Review: Keith Allen meets Nick Griffin
Keith Allen has previously done a programme in which he interviewed what he called “the God Hates Fags sect in Topeka, Kansas”, and whose daughter Lily Allen wrote and released a song dedicated to the British National Party called F*** You, which was played early on in this show. He asked the BNP’s leader for an interview and he and his production team travelled to Brussels, where Griffin works as a member of the European Parliament (MEP), but Griffin cancelled before they could meet him, something the far right are well-known for doing (as we saw with Stephen Lennon of the English Defence League when Stacey Dooley tried to meet him). Eventually, Allen did manage to meet him (after making a scene when the party’s officials locked themselves in an office in the Parliament building, which led to Griffin reconsidering a possible PR disaster). In this article for the Independent, Allen explains how the documentary almost failed to make it on-screen, until his executive producer, Victor Lewis-Smith, remonstrated with the chief executive.
I reviewed his documentary about meeting Fred Phelps, the leader of the aforementioned Westboro Baptist Church which runs the “God Hates Fags” campaigns, and noted that on that occasion, he seemed to go out of his way to provoke them by talking about his sex life in a rather explicit way, to which they responded with dignity which made him look like a vulgar oaf. There’s none of that here and much less of the snide remarks; perhaps it’s because Griffin doesn’t pretend to be a religious leader and can just as easily tell Allen to clear off, in not so many words. Instead, Allen prances round with a ukelele and at one point starts serenading Griffin with it (which I fast forwarded as I tend to do when things get cringe-making).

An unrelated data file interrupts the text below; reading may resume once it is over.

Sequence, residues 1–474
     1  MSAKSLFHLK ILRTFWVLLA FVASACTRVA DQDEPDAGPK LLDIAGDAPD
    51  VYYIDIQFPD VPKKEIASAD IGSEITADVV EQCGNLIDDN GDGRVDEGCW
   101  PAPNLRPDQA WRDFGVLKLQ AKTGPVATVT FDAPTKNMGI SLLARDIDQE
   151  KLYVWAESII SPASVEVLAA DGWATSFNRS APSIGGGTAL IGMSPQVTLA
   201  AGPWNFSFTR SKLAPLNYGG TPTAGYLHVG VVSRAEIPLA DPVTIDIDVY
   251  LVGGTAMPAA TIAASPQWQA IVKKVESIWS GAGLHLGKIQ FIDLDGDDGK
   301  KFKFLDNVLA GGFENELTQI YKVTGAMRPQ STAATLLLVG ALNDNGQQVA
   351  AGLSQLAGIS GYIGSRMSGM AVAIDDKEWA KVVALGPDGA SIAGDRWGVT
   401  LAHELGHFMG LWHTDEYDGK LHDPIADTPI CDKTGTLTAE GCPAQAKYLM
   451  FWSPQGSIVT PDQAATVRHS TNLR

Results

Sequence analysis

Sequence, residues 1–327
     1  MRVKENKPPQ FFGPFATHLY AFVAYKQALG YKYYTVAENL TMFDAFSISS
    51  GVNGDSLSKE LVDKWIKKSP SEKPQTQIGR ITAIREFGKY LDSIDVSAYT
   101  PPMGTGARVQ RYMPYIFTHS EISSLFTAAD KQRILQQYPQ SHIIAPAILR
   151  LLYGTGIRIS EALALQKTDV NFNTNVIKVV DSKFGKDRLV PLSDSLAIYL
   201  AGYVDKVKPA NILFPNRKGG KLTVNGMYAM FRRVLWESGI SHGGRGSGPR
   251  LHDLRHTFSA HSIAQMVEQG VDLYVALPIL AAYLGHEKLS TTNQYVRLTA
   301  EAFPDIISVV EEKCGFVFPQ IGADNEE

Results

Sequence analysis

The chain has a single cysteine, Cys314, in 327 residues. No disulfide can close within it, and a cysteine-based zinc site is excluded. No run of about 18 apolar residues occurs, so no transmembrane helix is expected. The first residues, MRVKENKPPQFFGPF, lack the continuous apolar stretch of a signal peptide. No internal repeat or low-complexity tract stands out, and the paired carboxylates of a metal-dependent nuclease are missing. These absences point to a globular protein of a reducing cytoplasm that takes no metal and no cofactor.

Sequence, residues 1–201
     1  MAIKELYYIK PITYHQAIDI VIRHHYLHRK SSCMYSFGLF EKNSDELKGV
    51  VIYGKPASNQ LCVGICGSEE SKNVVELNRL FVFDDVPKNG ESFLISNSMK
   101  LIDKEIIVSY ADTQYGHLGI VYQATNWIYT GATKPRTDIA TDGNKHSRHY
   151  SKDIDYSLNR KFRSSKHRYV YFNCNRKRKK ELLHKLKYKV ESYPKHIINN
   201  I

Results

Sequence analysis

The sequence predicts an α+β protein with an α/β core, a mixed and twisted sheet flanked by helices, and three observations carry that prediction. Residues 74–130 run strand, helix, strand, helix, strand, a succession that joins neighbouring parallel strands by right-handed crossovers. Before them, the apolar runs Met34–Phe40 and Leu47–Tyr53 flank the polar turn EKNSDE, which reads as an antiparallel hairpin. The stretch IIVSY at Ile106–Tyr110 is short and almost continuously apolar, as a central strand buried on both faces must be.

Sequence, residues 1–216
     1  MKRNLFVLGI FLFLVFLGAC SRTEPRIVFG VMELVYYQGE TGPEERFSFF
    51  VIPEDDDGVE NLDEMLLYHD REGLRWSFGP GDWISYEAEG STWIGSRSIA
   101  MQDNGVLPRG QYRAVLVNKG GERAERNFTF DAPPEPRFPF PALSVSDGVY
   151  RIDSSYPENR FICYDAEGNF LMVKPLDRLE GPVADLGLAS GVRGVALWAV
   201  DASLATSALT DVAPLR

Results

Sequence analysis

His tactic here was to give Griffin a chance to speak and to reveal himself as the bigot he says he isn’t. Asked about his musical tastes, he plays a David Cameron and says he was into punk rock (like the Clash, who were involved in Rock Against Racism) and early Skrewdriver (the band, albeit with only one original member, later became a Nazi band, which Griffin said was a parody of itself), but that his real love was folk music, particularly a capella singing from Suffolk (the English folk scene has also distanced itself from Griffin). Griffin was also allowed to explain that the National Front he joined in the 1970s consisted mostly of ‘refugees’ from Heath’s Tory party (rather than the thugs people associate it with), but Allen later challenged Griffin’s attempts to play down the far right’s thuggish image by showing a fight between a group of BNP activists, including a Parliamentary candidate, and some Asian youths during the 2010 elections — a theme he repeated several times, namely that the BNP are racists and the nature of racism hasn’t changed.